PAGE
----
When a tank is brand new, the bacteria have not been colonized. There are many commercial starters promising to “instantly start” your tank, but they are the aquatic equivalent to snake oil. Our office tested over half a dozen of these products with no decrease in time to conversion. You do NOT need to add these products to your tank, they will come with the fish; they just take time to become established. It will take 4-6 weeks for your tank to go through all the necessary steps to become established. If you follow your tank’s progression with your water quality testing kit, you will yield a graph like this:
You will see spikes in ammonia, nitrite and then nitrate. When you see this DO NOT PANIC. It is a normal occurrence in EVERY new fish tank. It is called “New Tank Syndrome” and there is no way around it unless you have another established tank with similar water parameter requirements that you can steal some filter media from.
The best way to combat New Tank Syndrome and avoid crashing your tank with a major ammonia spike is by starting with just a few fish in your new tank. Start with one or two goldfish or 3-4 tropicals, like zebrafish or tetras, before your tank is established. Slowly increase your fish levels from there and you will never have an issue.
Be patient! It is extra work, but I guarantee by following these steps, you will not lose a fish from New Tank Syndrome. Buy a test kit, know how to use it and don’t panic when those spikes hit. By having fewer fish in a larger volume of water, you will produce a smaller, more tolerable spike, keeping your fish alive.
When you set up a new fish tank for the first time, there are a few things you can expect to happen.
With a brand new filter, your nitrogen cycle has not been established. It will take 4-6 weeks MINIMUM to start cycling your new tank. There are countless products who claim they can instantly start your cycle, but they DO NOT WORK. We tested many products and only one was able to shorten our cycle by one week.
During those sensitive weeks, your tank will undergo the following spikes in ammonia, nitrite and finally, nitrate, as those bacteria colonies are established. You tank’s temperature and filtration capacity will determine how fast your cycle is established.
As your nitrogen cycle is established, your fish can be in danger of toxic levels of ammonia and nitrite. Therefore, it is essential to keep you bioload low in those first few weeks! Rather than fully stocking your tank from the get-go, start with only a few, hardy fish until your cycle is established. Keep a close eye on your parameters with a water quality test kit. Plot your readings and you will match the graph above.
Ammonia-binding products will prevent this cycle from occurring. Your tank will be stuck in perpetual “new tank” standing. We understand that it can be very scary to see your new tank spike with ammonia, but you cannot get to the end stage without the journey in between. Keep a close eye on your parameters and bioload low in the first 4-6 weeks and you’ll be all set from then on! If you’re really worried, or your fish start to act sickly, do a small water change to decrease the spike. And if you decide to replace your filter media every month, your tank will be continually cycling. So, ignore the box, and invest in a sturdy sponge instead.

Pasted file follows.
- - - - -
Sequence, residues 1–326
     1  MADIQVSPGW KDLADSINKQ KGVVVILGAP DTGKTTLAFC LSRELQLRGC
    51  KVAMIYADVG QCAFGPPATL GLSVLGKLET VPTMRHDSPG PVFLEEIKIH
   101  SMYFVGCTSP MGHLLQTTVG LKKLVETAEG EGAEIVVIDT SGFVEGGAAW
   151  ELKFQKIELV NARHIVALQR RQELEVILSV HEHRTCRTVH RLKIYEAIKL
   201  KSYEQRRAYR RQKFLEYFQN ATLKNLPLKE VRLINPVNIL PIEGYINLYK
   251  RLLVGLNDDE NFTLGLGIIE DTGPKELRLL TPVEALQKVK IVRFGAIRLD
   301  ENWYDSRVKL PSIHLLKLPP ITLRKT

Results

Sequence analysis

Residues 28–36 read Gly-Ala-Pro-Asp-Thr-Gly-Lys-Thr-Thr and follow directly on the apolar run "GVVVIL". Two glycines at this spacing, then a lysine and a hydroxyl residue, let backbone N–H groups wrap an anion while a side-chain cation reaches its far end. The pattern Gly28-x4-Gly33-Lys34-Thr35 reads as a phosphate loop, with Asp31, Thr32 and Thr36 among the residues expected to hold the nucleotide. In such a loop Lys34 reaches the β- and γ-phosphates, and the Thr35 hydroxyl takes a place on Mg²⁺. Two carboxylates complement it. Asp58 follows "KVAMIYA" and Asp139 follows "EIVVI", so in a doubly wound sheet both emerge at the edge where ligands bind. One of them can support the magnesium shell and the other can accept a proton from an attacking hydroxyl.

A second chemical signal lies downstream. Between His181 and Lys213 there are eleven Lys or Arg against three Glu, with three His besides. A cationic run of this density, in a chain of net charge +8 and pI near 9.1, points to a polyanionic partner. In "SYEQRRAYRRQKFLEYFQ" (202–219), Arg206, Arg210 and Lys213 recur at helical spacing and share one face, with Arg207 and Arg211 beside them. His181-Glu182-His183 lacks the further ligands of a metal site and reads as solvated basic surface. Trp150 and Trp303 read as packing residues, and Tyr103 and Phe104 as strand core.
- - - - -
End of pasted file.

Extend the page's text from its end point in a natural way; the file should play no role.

Thinking about adding a new tank to your home or business? Make sure you have everything you need before you get started. Print this list and bring it with you to the store to make sure you don’t forget anything.
BEFORE YOU GET STARTED: What kind of tank do you want? How big of a tank can you comfortably fit? What kind of fish do you want to have? How many fish of that type can your newly described tank hold? Sorry, but the 1″ of fish per gallon rule does NOT work. Research your species and understand what environment works best for them BEFORE you buy ANYTHING!
Check List for New Tank
_____ Fish tank of _______ gallons
_____ Table that can hold ______ gallons fish tank (1 gallon of water = 3.78 kg or 8.34 lbs)
_____ Lid for tank with light
_____ Filter capable of volume 1.5x ______ gallons (canister or hang-on)
_____ If tank is >30 gallons, consider adding aerator or powerhead to improve water flow
______ Substrate (gravel, rocks, sand, etc.)
______ Gravel vacuum
______ Decor items (must be FISH SAFE) – for bettas, stick with items that will not snag fins
When you live in a toilet, like fish do, it’s critical to have a well-functioning immune system. Being ectotherms, fish rely on the temperature of their surrounding environment to dictate their metabolism and immune function. Cold water = limited activity. Warm water = more activity. Hot water = poached. All things considered, a fish’s immune system may be more complex that you give them credit for.
In addition to basic phagocytosis, fish produce B and T lymphocytes. These cells are responsible for antibody production and are the reason why we are able to make vaccines for fish. Vaccines can be given orally, topically, by immersion, or through injection, like your flu shot. Most vaccines are available for aquaculture production and are not used on pet fish. For more information on vaccines in fish, read here.
Mammals produce their white blood cells in their bone marrow. Fish do not have bone marrow and rely on their kidney and spleen to produce blood cells. These cell lines have similar functions to mammalian white blood cells.
A fish’s response to stress has a direct effect on their immune system. When a fish is stressed due to lack of nutrition, bullying, poor water quality, sound irritation or multiple other causes, they release hormones into their bloodstream, specifically cortisol, epinephrine and norepinephrine. These hormones initiate an animal’s “fight or flight” reflex, causing secondary changes in blood glucose, lactate, liver and muscle glycogen and osmolality. Over time, these chemical changes cause tertiary changes to behavior and performance, including digestion, reproduction, and immune function.
Acute stress is beneficial where it helps a fish get out of a stressful situation. Chronic stress, however, leads to long-term immune suppression and increased vulnerability to disease.
In order to maintain good immune function, use these key prevention and management strategies: